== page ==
How is the European Anti-Money Laundering law affecting e-commerce?


Specialized consumer credit providers develop online applications on their websites thanks to partnerships with merchants that allow consumers to apply for a consumer credit directly on a lender’s website or on the website of the supplier of the good or service. However, the European Anti-money Laundering Directive (AML) can be an obstacle to these financial transactions. Ecommerce Europe believes that a pan-European e-Identification solution can be a solution to the current long and burdensome processes for merchants and consumers.

A burdensome procedure for consumers’ identification

Under the Directive, situations where the consumer is not physically present for identification purposes are classified as high risk transactions. This means that a credit provider would need an official copy of the consumer’s ID and a proof of his address. This process can be long and burdensome for the consumer who may find it more convenient to visit a local provider for financial services rather than an online retailer, with negative effects for the e-commerce sector.

The situation differs a lot in Member States. In some countries, no distinction is made between face-to-face and distant methods for identification like in Poland, while in other countries such as Czech Republic electronic identification is not considered valid. This does not create a level playing field throughout Europe and is an obstruction to the Digital Single Market.

Pan-European e-Identification as a solution

Increasing the availability and use of electronic signatures (eSignatures) and electronic identification (eID) could help to alleviate some of the administrative burden for both the consumer and credit provider to conduct retail financial services transactions, such as consumer credit, at a distance. In this way, a non-face-to-face process does not have to been seen as a “high risk” and the provider will have a trustworthy solution to evaluate potential risks.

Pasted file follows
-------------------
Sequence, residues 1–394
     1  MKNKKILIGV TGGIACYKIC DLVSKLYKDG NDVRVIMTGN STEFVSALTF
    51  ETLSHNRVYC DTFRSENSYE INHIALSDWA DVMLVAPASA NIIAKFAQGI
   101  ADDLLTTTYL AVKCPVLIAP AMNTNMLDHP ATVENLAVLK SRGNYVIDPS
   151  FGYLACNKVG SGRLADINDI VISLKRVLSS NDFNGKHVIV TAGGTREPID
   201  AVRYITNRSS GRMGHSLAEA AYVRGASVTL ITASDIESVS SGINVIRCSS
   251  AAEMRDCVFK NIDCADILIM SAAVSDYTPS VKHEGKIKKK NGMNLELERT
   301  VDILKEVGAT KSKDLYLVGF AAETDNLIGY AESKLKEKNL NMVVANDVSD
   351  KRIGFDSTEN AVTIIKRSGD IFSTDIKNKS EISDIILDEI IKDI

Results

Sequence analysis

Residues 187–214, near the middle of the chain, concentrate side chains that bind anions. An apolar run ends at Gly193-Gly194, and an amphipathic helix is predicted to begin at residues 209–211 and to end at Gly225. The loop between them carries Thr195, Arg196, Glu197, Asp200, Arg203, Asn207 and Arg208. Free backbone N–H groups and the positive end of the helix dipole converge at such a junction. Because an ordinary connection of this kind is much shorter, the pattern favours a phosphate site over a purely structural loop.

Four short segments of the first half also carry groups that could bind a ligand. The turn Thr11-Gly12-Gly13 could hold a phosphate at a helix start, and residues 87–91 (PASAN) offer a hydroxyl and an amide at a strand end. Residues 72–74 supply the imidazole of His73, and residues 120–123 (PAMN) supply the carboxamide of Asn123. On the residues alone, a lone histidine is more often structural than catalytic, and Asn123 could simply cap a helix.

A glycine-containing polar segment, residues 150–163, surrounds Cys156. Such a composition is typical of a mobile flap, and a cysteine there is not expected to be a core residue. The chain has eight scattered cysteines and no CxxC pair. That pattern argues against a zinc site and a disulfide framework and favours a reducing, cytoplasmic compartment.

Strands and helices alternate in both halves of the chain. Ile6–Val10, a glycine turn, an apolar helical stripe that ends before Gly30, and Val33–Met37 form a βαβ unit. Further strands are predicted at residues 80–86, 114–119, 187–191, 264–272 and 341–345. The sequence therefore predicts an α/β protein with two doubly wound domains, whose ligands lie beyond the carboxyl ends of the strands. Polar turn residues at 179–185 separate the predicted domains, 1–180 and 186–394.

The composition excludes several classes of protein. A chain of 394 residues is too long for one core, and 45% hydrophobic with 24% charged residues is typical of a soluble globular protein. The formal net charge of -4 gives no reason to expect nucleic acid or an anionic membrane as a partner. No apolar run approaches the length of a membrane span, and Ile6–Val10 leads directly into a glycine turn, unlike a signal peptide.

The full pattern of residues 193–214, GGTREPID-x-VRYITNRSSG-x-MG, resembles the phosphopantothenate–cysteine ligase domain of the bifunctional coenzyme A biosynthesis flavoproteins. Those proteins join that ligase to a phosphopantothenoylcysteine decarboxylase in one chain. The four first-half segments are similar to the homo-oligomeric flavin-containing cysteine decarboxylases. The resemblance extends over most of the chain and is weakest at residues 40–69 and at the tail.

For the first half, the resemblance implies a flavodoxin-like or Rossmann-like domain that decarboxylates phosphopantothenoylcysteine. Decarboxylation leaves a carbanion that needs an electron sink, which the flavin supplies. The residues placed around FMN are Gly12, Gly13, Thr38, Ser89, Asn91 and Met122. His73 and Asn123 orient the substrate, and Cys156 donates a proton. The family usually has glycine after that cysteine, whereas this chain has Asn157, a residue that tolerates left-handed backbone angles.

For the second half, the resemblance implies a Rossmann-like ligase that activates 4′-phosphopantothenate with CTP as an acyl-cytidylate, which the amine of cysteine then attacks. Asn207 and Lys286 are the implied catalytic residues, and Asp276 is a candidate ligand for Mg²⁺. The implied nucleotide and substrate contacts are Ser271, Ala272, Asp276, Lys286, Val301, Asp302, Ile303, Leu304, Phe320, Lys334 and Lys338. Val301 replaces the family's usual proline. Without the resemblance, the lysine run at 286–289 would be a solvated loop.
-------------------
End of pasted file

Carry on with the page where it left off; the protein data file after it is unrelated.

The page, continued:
Ecommerce Europe is a strong advocate of pan-European e-ID solutions and is in continuous dialogue with European and national policy makers to ensure that an interoperable, holistic approach to eSignatures and eID is taken throughout Europe.

Next steps

The European Commission launched in 2013 the revision of the legislation. It is now in the hands of the European Parliament for a second reading, but clarifying the legislation on identification does not seem to be on the agenda.

Some of Ecommerce Europe’s members, like Allegro Group and APEK have created an AML coalition addressing these issues with European policy makers. Ecommerce Europe will keep its members updated on opportunities to join this coalition.